How glorious was he when he looked forth from the Tent, as he came from the house of the veil!

Indeed, how glorious was the High Priest as he came forth from the Holy of Holies in peace and unharmed!

ככוכב אור מבין עבים

כְּאֹהֶל הַנִּמְתַּח בְּדָרֵי מַעְלָה[23]

Like a star shining among the clouds,

As a tent stretched in heaven,

וכירח מלא מבין בימי מועד:

כִּבְרָקִים הַיּוֹצְאִים מִזִּיו הַחַיּוֹת

And like the full moon at the holy-day season;

As a lightening flashing from the splendor of the heavenly beings

וכשמש משרקת אל היכל מלך

כְּגֹדֶל גְּדִילִים בְּאַרְבַּע קְצָווֹת

As the sun shining on the Temple of the King

As the celestial blue of the [four] fringes

וכקשת נראתה בענן:

כִּדְמוּת הַקֶּשֶׁת בְּתוֹךְ הֶעָנָן

And like the rainbow appearing in the cloudy sky;

As the sight of the rainbow within the cloud

כנצבענפי בימי מועד

כְּהוֹד אֲשֶׁר הִלְבִּישׁ צוּר לִיצוּרִים

Like the blossoms on the branches in springtime,

As the splendor with which the Rock clothed that created ones

וכשושן על יבלי מים:

כְֶּורֶד הַנָּתוּן בְּתוֹךְ גִּנַּת חֶמֶד

And like a lily on the running waters;

As the rose planted in a pleasant garden[24]

Both poems open with the words mah nehedar (“how glorious”) describing the high priest. Both are structured as a series of similes comparing the high priest to various natural phenomena, celestial and botanical. Both allude to the Temple worship as part of the cosmic and natural order. In some cases, such as the rainbow, they even use the same simile.

By describing the high priest in cosmic and natural terms, the poems draw a full circle from the description of creation at the beginning of the Seder Avodah.[25] Both serve as bookends of their related units.

The Prototype Seder Avodah

Cecil Roth made the argument forcefully:

There cannot be the slightest doubt that the description of the glory of the High Priest included in the various recensions of the Day of Atonement ‘Abodah’ is based upon the panegyric of Simon son of Onias in Ecclesiasticus. […] The fact that twelve or more synagogal poets ended their compositions describing the Atonement Service with almost identical passages clearly shows that this was to be found in the prototype on which they modeled themselves. [26]

We cannot state with certainty that authors of Sidrei Avodah (pl.) had the book of Ben Sira in front of them and used it as basis for their versions. While this is possible—the book remained in circulation into the medieval period, as is clear from the genizah—it is also possible that these latter poems borrowed indirectly, with Ben Sira’s influence an example of what Joseph Heinemann described as the use of the “common liturgical property,” i.e., literary material known to the Sidrei Avodah authors in an intuitive manner.[27] Whatever the case, the parallels show how this poem in Ben Sira is an early version, and perhaps even the original version, of what is now the framing for the Seder Avodah piyyutim.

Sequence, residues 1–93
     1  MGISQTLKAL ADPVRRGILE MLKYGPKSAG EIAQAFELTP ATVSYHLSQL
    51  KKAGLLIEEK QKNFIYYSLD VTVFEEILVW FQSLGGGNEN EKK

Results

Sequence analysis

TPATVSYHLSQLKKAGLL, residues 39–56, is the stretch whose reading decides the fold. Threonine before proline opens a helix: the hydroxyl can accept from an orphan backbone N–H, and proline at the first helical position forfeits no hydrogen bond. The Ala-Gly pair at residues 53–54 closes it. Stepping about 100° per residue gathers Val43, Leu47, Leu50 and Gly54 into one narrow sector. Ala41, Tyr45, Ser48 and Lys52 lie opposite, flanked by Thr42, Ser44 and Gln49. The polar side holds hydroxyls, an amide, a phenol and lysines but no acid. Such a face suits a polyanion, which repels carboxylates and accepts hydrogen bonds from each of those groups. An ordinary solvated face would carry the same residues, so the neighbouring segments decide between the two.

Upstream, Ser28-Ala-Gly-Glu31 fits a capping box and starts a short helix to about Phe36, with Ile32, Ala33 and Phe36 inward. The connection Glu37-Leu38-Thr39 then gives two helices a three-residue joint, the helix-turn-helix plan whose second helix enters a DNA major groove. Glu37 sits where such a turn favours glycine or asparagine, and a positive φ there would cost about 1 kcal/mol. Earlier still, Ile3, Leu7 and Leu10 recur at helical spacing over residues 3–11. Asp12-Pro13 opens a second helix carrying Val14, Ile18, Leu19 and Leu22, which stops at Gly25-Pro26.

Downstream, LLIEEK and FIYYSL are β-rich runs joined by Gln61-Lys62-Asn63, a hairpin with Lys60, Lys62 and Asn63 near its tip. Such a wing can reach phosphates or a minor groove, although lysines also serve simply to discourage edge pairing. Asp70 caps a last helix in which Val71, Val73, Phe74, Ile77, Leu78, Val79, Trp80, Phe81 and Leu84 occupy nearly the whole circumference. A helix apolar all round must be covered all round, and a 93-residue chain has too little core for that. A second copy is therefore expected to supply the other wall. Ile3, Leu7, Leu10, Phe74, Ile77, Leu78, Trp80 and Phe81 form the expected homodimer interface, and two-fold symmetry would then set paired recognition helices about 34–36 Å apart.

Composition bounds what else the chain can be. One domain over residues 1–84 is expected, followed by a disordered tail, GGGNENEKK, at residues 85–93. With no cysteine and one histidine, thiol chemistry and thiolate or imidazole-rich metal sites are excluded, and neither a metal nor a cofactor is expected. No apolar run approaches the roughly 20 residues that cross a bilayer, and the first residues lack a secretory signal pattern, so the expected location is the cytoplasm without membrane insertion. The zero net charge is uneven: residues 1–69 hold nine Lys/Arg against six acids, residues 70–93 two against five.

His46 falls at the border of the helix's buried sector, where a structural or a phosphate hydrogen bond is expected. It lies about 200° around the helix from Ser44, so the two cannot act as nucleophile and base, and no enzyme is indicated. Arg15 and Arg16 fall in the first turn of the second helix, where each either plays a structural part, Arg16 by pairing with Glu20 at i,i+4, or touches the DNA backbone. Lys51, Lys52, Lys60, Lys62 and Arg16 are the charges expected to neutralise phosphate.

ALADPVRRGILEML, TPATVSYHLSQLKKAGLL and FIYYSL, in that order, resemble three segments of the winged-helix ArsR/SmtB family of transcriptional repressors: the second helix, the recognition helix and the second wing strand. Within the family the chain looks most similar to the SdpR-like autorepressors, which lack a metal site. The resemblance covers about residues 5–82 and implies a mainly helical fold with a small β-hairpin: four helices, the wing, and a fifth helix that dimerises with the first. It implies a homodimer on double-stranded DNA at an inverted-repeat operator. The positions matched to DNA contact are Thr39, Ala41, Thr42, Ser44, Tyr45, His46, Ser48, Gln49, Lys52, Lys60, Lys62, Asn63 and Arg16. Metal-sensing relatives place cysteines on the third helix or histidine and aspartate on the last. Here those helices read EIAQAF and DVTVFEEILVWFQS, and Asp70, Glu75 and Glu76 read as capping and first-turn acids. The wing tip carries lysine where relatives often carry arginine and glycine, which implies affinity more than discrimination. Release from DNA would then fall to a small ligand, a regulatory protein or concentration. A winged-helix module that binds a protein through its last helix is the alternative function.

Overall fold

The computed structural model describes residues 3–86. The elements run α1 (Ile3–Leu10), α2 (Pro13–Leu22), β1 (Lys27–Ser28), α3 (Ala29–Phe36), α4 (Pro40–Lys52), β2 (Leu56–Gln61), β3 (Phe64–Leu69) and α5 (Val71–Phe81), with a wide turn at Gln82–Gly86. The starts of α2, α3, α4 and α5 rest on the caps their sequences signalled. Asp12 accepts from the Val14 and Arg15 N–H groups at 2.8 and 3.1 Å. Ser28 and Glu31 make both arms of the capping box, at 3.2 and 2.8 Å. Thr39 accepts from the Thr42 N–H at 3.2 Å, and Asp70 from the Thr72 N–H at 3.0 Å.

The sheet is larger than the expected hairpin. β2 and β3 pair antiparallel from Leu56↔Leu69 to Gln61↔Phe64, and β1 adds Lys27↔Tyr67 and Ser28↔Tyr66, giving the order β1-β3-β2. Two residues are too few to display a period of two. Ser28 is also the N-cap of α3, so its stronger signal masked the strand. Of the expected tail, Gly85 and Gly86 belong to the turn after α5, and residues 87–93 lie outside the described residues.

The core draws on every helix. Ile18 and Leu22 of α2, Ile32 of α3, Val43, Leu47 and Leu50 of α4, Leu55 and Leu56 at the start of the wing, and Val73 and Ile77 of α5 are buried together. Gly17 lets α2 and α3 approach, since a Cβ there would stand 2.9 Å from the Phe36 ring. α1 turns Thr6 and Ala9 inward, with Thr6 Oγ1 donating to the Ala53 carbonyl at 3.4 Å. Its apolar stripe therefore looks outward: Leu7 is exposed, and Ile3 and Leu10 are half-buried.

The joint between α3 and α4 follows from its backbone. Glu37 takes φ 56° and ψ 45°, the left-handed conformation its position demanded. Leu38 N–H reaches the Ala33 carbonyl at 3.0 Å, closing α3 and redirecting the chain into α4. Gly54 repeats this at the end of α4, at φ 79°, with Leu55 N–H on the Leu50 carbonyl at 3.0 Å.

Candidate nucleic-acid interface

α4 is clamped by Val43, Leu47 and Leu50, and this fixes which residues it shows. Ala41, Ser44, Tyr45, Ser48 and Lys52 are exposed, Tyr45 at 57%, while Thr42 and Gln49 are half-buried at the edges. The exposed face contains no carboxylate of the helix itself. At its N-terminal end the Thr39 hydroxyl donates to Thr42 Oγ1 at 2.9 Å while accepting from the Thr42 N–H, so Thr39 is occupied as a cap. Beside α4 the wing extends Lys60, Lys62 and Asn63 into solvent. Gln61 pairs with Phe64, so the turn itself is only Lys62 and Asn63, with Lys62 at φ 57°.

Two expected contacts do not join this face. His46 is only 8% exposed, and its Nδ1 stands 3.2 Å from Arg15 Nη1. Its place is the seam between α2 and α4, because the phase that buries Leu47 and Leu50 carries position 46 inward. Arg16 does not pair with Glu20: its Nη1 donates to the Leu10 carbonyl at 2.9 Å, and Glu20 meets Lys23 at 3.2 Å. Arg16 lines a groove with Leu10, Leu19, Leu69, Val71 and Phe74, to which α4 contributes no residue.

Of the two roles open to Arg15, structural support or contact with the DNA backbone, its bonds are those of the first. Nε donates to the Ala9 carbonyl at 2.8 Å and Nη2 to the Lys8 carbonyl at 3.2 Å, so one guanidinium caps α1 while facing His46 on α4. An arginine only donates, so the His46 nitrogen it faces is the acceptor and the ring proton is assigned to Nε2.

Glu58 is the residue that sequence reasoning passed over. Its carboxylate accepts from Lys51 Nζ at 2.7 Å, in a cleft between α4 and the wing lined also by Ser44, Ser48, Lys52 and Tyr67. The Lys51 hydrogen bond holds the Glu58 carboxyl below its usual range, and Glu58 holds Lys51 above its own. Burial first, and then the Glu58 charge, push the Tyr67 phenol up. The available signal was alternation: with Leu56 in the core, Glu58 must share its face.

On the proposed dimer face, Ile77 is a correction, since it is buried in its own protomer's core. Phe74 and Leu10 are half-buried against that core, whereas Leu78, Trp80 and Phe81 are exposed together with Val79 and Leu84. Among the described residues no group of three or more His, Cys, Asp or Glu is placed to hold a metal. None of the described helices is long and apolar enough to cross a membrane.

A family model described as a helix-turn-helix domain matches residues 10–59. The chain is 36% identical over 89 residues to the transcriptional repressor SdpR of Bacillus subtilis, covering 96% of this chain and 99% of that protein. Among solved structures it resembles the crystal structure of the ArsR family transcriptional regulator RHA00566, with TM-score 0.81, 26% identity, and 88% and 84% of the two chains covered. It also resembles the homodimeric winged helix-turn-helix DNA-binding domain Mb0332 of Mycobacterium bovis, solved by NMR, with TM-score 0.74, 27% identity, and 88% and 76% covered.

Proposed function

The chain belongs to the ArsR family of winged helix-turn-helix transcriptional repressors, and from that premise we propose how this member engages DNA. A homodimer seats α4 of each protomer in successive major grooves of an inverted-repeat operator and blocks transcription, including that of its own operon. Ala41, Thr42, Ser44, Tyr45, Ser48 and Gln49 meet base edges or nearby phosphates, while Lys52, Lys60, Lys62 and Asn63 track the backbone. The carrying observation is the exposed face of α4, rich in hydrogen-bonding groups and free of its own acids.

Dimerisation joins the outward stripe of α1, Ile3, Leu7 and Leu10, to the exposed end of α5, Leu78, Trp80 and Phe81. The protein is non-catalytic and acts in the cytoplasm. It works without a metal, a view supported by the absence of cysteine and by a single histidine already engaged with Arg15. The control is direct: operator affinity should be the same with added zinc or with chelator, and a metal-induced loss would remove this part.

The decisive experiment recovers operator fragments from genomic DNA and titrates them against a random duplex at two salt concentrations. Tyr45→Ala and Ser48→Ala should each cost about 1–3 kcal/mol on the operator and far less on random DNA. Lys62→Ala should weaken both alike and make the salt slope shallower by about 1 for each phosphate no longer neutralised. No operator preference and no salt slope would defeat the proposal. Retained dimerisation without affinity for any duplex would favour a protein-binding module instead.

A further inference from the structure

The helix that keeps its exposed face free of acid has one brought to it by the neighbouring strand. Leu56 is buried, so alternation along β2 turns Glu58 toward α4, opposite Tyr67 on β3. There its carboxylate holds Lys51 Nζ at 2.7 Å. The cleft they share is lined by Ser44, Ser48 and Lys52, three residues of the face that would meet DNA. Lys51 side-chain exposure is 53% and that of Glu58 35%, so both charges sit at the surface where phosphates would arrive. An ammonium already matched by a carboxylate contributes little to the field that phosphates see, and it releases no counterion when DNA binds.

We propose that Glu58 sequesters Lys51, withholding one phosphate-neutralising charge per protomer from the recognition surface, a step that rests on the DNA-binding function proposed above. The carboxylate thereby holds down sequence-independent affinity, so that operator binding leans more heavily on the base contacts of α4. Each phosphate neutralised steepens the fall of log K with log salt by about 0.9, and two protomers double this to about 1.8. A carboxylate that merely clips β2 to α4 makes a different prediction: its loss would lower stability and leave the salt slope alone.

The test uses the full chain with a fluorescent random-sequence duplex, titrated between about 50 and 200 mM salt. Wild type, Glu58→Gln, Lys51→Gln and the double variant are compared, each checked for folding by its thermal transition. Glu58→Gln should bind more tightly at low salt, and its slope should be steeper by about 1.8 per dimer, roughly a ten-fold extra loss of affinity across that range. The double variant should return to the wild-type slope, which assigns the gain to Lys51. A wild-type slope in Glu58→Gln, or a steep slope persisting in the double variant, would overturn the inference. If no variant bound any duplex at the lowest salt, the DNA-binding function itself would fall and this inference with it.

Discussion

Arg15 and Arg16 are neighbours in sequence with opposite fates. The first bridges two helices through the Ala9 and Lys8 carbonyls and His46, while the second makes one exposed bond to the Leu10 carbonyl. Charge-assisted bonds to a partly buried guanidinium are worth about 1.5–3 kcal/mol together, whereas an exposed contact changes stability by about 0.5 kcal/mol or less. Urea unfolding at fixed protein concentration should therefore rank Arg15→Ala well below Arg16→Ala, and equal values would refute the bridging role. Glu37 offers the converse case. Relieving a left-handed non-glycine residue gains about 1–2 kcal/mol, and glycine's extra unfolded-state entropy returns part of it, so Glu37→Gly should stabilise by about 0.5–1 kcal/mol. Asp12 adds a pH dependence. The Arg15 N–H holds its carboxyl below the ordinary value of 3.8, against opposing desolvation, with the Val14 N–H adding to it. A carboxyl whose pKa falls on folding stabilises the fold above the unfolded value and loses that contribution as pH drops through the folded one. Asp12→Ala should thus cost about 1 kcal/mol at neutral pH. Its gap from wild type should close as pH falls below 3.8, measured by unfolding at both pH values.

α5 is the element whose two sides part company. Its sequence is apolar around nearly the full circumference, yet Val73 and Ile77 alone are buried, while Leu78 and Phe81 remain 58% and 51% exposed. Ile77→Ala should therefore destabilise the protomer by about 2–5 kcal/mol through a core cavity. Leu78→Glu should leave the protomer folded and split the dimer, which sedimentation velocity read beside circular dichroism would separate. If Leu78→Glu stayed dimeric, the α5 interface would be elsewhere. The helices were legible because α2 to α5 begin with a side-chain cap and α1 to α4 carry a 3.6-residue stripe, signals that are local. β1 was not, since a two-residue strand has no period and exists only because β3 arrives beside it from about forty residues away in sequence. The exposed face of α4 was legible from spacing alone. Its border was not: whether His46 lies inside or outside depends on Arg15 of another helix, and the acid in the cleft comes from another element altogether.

A Seder Avodah Without the Temple Service

The Sidrei Avodah were composed for annual recitation as a liturgical substitute for the service of the high priest on the Day of Atonement when the Temple lay in ruins. Ben Sira, in contrast, was writing at a time when the Temple service was still being performed: His panegyric is not for an imaginary High Priest in a lost service but for an actual High Priest, whom he knew and respected. Thus, the unit ends with Ben Sira’s prayer for the continuity of the family of Simon (who was already deceased when Ben Sira wrote the book) as an important priestly family in the Jerusalem Temple:

בן סירה נ:כד יאמן עם שמעון חסדו ויקם לו ברית פינחס, אשר לא י[כ]רת לו ולזרעו כימי שמים.
Sir 50:24 May his lovingkindness with Simon endure, and many he establish the covenant of Phinehas with him, so that he and his descendants not be [cu]t off all the days of the heavens.[28]

Ben Sira would have had no need of a Seder Avodah, i.e., a liturgical replacement for the Temple service, since, in his day, the service was still performed.[29] But the framing he created, showing how creation leads directly to the priesthood and Temple service, which becomes the framing for all the Sidrei Avodah centuries later, expresses the theological foundation for this genre of prayer.

Why the Avodah Was Inserted

Tracing the world’s history from creation to the priesthood underscores the idea that the existence of the Jerusalem Temple was one of the goals of creation, and even that purification of the Temple on Yom Kippur is part of the proper maintenance of the world. Baruch Levine describes this service as the high priest exercising “potent powers” in a ritual that promises bounty and prosperity to the world.[30]

After the destruction of the Temple, however, this theology would have posed an existential problem: If the Temple service is necessary for maintaining the world, what is to be done now that the service is no longer performed? This may be what inspired the Sidrei Avodah as we have them now, since they insert a detailed reenactment of the service into the older prototype.

Thus, the Sidrei Avodah were born, wrapped in the mantel of Ben Sira’s theology, but rewritten to include the play-by-play recitation of the Yom Kippur Temple service, so that the prayer itself becomes that which helps maintain the world.[31]


September 12, 2021


Last Updated

June 7, 2024


View Footnotes

Prof. Rabbi Dalia Marx is Professor of Liturgy and Midrash at Hebrew Union College-JIR (Jerusalem). She earned her Ph.D. at the Hebrew University and her rabbinic ordination at HUC-JIR (Jerusalem and Cincinnati). Among her publications are When I Sleep and When I Wake: On Prayers between Dusk and Dawn and A Feminist Commentary of the Babylonian Talmud. Her website is: www.dalia-marx.com.